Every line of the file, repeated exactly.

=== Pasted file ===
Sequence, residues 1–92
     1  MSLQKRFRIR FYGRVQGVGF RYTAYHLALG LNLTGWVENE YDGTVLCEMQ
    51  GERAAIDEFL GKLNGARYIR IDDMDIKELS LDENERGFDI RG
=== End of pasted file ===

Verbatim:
Sequence, residues 1–92
     1  MSLQKRFRIR FYGRVQGVGF RYTAYHLALG LNLTGWVENE YDGTVLCEMQ
    51  GERAAIDEFL GKLNGARYIR IDDMDIKELS LDENERGFDI RG